1. In a retrospective cohort study, the implementation of policies to strengthen nutritional standards in school-provided meals was associated with an overall decrease in BMI z-scores.

2. Decreases in BMI z-scores occurred in the post-implementation period regardless of age, sex, and household income.

Evidence Rating Level: 2 (Good)

Study Rundown: Childhood obesity is highly prevalent across North America with broad implications for long-term health outcomes. Interestingly, there has been a well-described association between school meal programs and obesity. This finding was addressed in the Healthy, Hunger-Free Kids Act of 2010 (HHFKA), which aimed to strengthen nutritional standards in school-provided meals by including more whole grains, fruits, vegetables, and low-fat dairy products. This study aimed to evaluate the impacts of the HHFKA on childhood obesity as measured by changes in youth body mass index (BMI). Using retrospective data from 50 cohort studies, the authors found a significant decrease in the BMI z-score after the implementation of the HHFKA. In sub-analyses, decreases in BMI z-score occurred across subgroups of age groups, sex, and annual household income. The main limitations of this study include potential unmeasurable confounding variables that may lead to changes in BMI in a time-specific manner. This study provides evidence that nutritional policies such as the HFFKA are associated with decreased BMI, showing that improving the nutritional quality of school meals may be a valuable tool for addressing childhood obesity.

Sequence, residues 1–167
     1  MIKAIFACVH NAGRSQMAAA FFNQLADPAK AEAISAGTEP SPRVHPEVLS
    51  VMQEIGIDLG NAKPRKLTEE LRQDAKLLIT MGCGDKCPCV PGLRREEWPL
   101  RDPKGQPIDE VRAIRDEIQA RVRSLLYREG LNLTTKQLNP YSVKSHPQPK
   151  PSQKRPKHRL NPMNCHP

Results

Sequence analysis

Click here to read the article in JAMA Pediatrics

Relevant Reading: Association between state laws governing school meal nutrition content and student weight status: implications for new USDA school meal standards.

In-Depth [retrospective cohort]: This cohort study utilized data from the Environmental Influences on Child Health Outcomes (ECHO) program, which is a nationwide consortium of child cohort studies. 14,121 children aged 5-18 years were enrolled, with height and weight measurements from 50 cohort studies recorded between Jan 2005 and March 2020. Exposure included the Healthy, Hunger-Free Kids Act of 2010 (HHFKA) implementation, with a pre-implementation period from Jan 2005 to Aug 2016 and a post-implementation period from Sept 2016 to March 2020. Heights and weights were used to calculate the BMI z-score (BMIz). The study utilized an interrupted time-series analysis design to assess the annual BMIz change after implementation of the HHFKA when controlling for covariates. Overall, there was a significant decrease (−0.041, 95%CI −0.066 to -0.016) in the BMIz post-implementation of HHFKA, which varies from the estimated trend of increase in BMIz. The decreases in BMIz occurred in both children 5-11 years (−0.034, 95%CI −0.059 to −0.009) and adolescents between 12-18 years (−0.045, 95%CI −0.071 to −0.018, despite BMI increases in pre-intervention period). When analyzed by sex, there were decreases in BMIz post-implementation for males (−0.037, 95% CI −0.062 to −0.012) and females (−0.046, 95%CI −0.071 to−0.020, despite BMI increases in pre-intervention period). When analyzed by family income, there was a decrease in BMIz in youths from families with lower income (−0.038, 95% CI −0.063 to −0.013) and higher income (−0.041, 95% CI −0.066 to −0.016).

Image: PD

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